Translator’s note: Unicorn City takes place in a small village known as Aathenaar, on a world known as Coventra. We have discovered and translated this work, commissioned by Baron Brange of Aathenaar shortly before the events related in the play. Three Legged Race offers it here, in 18 parts, in hopes that those who attend the show will find it of interest to learn how the town came to be. The history should be valuable to scholars due to its wide scope–covering a period of time from the creation of the world to modernity–but the reader should keep in mind that as it was commissioned by a significant player in some of its events, certain stories may be less reliable than they would be if told by a truly independent historian.

One might, if he or she desired to dabble in abstraction, visualize the Universe as a great expanse of stone or brick or wood, stretching in all four directions to dimensions only limited by the mind’s conception. And perhaps one could stand–mentally, if not physically–in the center of this expanse, and wonder at its bigness, but one would not.

For this expanse is dotted by holes, some tiny and some massive, and it is the indelible nature of all persons to notice such holes, and to wonder what can and must be done to fill them. And in such way are all works, great and tiny, created, from the mother preparing a bowl of stew with love for her brood of children and pets, to the construction of mighty cathedrals, to the recording of great Histories.

If mere mortals may find these gaps in the Universe and do what they must to fill them, then why would we expect the Gods to be any different? The answer is simple: We must not, for we are Created in their image, and They in ours, and our minds are therefore intertwined like a black-and-redfruit tree and its slinkervine.

Our Gods, beloved Letitia and stalwart Harvey, conceived of our world Coventra in sadness. They lived for tens of thousands of years amongst others of their kind on a massive spinning dirt square known as Earth. Harvey had a deeply industrious nature, while Letitia was more light-hearted, so Harvey fed Letitia’s body, and Letitia fed Harvey’s soul, but Earth provided for both needs in abundance, and both knew joy.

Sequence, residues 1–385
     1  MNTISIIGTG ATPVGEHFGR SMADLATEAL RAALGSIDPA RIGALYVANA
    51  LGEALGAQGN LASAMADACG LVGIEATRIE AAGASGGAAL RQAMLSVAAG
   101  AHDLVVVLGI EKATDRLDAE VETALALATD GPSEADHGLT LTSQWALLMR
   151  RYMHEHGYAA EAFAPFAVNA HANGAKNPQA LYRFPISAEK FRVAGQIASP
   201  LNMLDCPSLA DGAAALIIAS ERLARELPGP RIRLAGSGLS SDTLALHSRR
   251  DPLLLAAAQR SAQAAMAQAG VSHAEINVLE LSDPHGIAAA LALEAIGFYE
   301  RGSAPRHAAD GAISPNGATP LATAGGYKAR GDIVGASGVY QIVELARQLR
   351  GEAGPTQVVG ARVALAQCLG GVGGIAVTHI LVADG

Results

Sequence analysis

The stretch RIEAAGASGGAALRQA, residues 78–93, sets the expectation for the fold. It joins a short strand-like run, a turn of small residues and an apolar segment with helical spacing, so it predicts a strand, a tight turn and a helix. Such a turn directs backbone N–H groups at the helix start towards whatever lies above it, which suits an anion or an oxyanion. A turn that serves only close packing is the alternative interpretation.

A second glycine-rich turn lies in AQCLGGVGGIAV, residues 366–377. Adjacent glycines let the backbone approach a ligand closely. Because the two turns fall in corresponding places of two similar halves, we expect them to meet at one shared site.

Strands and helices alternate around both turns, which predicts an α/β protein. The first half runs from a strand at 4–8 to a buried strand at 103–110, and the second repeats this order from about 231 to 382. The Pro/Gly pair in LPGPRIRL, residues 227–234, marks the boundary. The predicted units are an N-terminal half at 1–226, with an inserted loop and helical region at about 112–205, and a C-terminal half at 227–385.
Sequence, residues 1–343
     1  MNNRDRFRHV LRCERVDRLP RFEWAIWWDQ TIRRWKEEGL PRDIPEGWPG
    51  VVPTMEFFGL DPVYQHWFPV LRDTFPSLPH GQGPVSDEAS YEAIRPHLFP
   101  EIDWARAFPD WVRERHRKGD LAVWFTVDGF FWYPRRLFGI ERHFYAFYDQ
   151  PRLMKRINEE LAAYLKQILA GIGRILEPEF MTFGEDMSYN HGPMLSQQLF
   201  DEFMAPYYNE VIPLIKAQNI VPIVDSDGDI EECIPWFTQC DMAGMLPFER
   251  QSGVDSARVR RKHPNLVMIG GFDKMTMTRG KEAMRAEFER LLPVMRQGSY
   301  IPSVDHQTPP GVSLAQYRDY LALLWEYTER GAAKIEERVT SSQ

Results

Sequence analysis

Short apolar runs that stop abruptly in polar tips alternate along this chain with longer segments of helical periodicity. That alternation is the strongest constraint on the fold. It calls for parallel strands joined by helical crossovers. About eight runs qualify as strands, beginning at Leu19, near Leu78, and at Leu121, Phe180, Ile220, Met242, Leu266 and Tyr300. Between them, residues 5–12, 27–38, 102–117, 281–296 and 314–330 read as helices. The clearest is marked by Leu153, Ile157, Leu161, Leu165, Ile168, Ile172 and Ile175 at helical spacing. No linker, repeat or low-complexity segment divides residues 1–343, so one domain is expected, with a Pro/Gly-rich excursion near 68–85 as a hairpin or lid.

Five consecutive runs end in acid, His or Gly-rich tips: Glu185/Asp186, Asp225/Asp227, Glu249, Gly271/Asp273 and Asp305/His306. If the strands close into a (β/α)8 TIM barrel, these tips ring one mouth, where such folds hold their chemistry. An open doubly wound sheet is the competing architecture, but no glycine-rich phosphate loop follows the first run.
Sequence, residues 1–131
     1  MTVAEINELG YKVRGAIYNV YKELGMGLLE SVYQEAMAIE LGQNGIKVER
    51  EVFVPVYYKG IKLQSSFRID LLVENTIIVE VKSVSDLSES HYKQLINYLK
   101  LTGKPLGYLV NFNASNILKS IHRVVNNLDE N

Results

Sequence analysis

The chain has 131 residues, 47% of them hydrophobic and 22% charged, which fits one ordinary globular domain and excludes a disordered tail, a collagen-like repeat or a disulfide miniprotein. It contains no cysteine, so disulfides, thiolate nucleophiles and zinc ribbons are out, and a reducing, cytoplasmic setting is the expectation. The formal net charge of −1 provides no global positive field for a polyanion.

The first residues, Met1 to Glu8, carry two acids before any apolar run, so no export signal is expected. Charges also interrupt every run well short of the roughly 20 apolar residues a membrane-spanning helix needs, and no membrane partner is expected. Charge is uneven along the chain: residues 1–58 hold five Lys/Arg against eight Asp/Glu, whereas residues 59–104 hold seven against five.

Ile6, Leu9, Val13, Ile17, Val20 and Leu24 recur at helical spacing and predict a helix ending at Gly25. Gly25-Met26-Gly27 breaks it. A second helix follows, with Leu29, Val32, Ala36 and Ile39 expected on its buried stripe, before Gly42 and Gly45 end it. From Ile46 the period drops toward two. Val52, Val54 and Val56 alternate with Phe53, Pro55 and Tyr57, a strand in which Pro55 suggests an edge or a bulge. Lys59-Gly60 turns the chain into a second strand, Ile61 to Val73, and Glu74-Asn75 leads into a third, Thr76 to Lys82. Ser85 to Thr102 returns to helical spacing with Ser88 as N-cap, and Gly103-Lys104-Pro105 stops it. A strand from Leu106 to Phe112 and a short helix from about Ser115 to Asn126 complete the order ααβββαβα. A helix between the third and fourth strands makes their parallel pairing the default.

But one day a God was found dead, and they all gathered in one tiny field to discuss this unprecedented event. The only agreement they could reach was that they must discover the perpetrator of this act, but none knew who it was.

The discussion lasted for sixty-seven hours, until one of the Gods named Ralph decided to speak. “I believe I know who did this to us all,” he declared. He pointed directly at Harvey’s eyes. “It was him, and let any contradict me who have better evidence!”

But none did, and the Gods immediately agreed that Harvey must have been the actor. Only Letitia kept any faith in her friend, but her cries were drowned by the roar of the rest of the Gods.

The Gods immediately decided that Harvey must be removed from Earth, and in an instant, he was. All was blackness and cold, and Harvey wept tears that did not fall and were not wet.

And then a tiny light appeared, and it grew and became blindingly bright, and from it burst beloved Letitia, for Paradise without Love is not Paradise, and so her choice was simple.

The light exploded with dirt, and our Gods spent many days assembling each grain into the World that we know. They created but one bit of life, however: The first person, Alatia, was the last of their works that we know of, and as they breathed life into her they disappeared into heavens of which we cannot conceive. But we know that Harvey and Letitia are still working, for they promised Alatia that one day they would bring her, and all of her children to Earth with them, where they could revel in all of its Four Corners.

And it is that which drives all of our actions today.